Right, you finally have your allies, Ferelden has a unified government or plan of government, and you can now turn your attention to the darkspawn. Intel suggets that they're about to sack Redcliffe, so you rush off to defend the pissant town. You fight through a small detatchment of darkspawn and find 'oh no, it was only a feint'. They were martching on Denerim all along. By the time you get back the city is in flames and overrun by darkspawn. You get to experience the joys of blockbusting and of facing down against a new category of darkspawn - darkspawn grunts. Grunts look like ordinary darkspawn but are a lot easier to kill. And they are the most boring thing to fight ever. They go down so easily that you can't even get any good combos going, it bogs down into 'point, kill, point, kill, point - someone else killed it before you get there, point...' a dull monotony I never would have expected as part of the cinematic climax of a game. Crank them up to regular darkspawn, let them keep their numbers. Sure it would be a hell of a lot harder, but at this point, it's almost expected that the game shouldn't pull punches anymore. What's more is I'm certain that I could have powered through that anyway. By trying to make it more cinematic via an increased number of kills, BioWare made it LESS interesting. There is nothing more important in combat than a worthy adversary. -- In RPGland at least. In real life I'm never going to fight fair.

Each district has a miniboss that must be defeated to proceed and one or more secondary objectives. Since somehow you managed to slip the horde in two when you took the front gate, you have to leave some of your party NPCs to defend the gate while your main party marches on the inner city. And you will have to fight using whomever you leave behind. I had only Liliana and the Dog to hold the gate with the nameless guards. But they did it, and they did it so well I got the achievement for keeping the nameless guards alive. So don't be too terribly concerned about the gate battle unless you only have four people in total. But if you've screwed up that badly by this point, you deserve what's coming to you.

So yeah, your main party fights from district to district, enjoying the fun that is blockbusting. Urban warfare sucks for good reason - it's hard to avoid being surrounded repeatedly and attacked from the cover of the buildings. Fortunately, Denerim is laid out less like a city and more like a dungeon. So it's no different from all the darkspawn clearances you've done to date. Only now you can summon your allies to trickle in one fire team at a time and fight for you. Why is it if the King of Orzimmar sent me fifty dwarven warriors that I can't simply storm the darkspawn barricades en masse with the full force of the platoon? Oh right, then it becomes too easy - for fireballs to wipe them out. But then again I also have these mages that can provide counter battery fire against the darkspawn emissaries - that's right I can only summon one allied group per zone, how silly of me to think combined arms tactics were valid.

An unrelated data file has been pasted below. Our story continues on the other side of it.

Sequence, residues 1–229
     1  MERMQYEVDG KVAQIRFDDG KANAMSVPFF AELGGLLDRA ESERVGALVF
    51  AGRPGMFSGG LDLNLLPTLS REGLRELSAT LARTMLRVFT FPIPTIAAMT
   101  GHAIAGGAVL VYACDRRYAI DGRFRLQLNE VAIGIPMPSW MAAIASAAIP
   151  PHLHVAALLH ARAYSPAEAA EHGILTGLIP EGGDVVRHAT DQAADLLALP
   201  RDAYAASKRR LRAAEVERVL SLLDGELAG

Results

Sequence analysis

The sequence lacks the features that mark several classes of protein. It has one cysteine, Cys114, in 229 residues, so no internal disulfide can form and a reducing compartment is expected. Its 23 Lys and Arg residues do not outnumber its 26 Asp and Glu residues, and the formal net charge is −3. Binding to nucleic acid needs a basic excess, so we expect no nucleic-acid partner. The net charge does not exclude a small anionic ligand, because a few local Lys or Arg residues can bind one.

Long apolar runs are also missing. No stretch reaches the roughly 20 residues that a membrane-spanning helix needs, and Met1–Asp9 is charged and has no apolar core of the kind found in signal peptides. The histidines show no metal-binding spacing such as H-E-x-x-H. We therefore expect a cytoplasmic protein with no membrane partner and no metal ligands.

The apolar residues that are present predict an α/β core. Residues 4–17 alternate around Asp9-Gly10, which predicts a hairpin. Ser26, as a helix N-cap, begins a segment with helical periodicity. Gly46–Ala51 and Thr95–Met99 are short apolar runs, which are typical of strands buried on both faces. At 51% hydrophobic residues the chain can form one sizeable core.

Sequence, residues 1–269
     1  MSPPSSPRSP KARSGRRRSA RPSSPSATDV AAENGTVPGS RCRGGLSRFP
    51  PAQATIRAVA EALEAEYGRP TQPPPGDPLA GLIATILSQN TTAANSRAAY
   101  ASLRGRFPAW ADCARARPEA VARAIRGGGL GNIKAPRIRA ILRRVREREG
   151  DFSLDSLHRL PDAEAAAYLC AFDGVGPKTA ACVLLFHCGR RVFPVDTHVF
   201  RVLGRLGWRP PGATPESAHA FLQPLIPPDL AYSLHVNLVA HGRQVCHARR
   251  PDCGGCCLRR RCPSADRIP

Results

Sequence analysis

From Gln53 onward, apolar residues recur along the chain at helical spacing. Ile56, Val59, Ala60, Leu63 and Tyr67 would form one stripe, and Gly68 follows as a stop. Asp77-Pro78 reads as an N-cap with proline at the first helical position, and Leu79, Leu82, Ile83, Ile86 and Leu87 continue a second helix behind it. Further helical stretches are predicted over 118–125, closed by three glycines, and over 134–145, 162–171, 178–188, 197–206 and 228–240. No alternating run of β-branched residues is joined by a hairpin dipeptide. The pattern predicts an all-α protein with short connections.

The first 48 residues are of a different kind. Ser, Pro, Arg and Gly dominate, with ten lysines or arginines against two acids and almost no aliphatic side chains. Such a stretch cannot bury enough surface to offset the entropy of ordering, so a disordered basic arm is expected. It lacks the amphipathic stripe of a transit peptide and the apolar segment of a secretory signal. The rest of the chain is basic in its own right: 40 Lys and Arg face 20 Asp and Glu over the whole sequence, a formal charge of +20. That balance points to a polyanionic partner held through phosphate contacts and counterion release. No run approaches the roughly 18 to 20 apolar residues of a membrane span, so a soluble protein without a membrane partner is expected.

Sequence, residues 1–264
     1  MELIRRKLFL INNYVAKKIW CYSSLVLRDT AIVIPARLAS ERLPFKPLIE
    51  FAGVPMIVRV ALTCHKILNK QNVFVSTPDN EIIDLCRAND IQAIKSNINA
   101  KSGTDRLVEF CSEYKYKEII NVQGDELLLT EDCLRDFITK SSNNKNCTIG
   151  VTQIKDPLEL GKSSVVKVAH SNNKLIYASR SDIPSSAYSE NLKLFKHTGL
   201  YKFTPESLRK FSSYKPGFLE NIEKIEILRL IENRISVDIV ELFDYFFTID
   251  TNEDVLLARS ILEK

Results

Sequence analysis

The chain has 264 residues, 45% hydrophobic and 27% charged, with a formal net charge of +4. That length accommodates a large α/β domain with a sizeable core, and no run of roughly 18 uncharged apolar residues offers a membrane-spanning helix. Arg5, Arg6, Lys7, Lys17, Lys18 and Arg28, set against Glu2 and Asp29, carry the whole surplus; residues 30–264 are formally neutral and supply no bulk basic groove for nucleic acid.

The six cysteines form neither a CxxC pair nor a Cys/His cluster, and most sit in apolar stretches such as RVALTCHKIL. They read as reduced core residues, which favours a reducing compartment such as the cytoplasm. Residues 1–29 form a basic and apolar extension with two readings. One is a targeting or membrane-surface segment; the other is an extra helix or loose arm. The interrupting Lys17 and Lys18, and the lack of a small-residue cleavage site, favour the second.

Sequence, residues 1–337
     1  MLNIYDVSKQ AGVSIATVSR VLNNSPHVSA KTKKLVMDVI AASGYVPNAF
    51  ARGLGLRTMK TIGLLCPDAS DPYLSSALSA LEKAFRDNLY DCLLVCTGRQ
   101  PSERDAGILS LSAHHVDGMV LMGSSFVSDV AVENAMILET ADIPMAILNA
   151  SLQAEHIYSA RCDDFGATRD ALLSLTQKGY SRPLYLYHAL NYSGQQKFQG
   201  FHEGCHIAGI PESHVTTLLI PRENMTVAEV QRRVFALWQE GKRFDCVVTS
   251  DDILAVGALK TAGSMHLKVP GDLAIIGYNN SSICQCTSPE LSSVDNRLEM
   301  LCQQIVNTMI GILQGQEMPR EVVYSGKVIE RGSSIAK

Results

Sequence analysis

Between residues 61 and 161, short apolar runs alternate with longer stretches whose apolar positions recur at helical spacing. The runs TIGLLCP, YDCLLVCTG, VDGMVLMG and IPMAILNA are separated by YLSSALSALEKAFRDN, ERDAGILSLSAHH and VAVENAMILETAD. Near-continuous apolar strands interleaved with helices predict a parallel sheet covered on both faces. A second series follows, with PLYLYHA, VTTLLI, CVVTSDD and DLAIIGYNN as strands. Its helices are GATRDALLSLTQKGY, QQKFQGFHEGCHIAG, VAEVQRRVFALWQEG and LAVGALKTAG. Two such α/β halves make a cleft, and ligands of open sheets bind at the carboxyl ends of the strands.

So you trickled your uncoordinated stream of disfunctional allies up to the prison you were held in as the Archdemon gets its wing clipped by the disposable frenchman who was included just for that and his exposition. The frenchman gets discarded from high altitude, finding a spiked fence in a cinematic cliche of "he's really really dead folks", and the archdemon gets stuck on the prison roof. You climb to the top of the prison and engage in an epic battle of firing wildly into the air. That's right the archdemon can still fly tactically with a clipped wing. So while you're fighting off darkspawn on the ground because the PC can't target flying creatures, your allies are firing into the air. The Archdemon wisely plays keep away, chosing to pummel the party with spell like abilities from a distance. When I fought it Allister got the killing blow. The takedown might have looked cinematic and could have been a crowning moment of awsome for the game if the PC had gotten it, but I was just confused at why I couldn't attack it until I realized it was in the middle of a takedown animation. Once again, I played the spectator to someone else's story.

You get a brief epilogue and it's game over.

This commentary is too long to babble about Awakening here, I'll give it a separate page and post this now.

--Robert McCarroll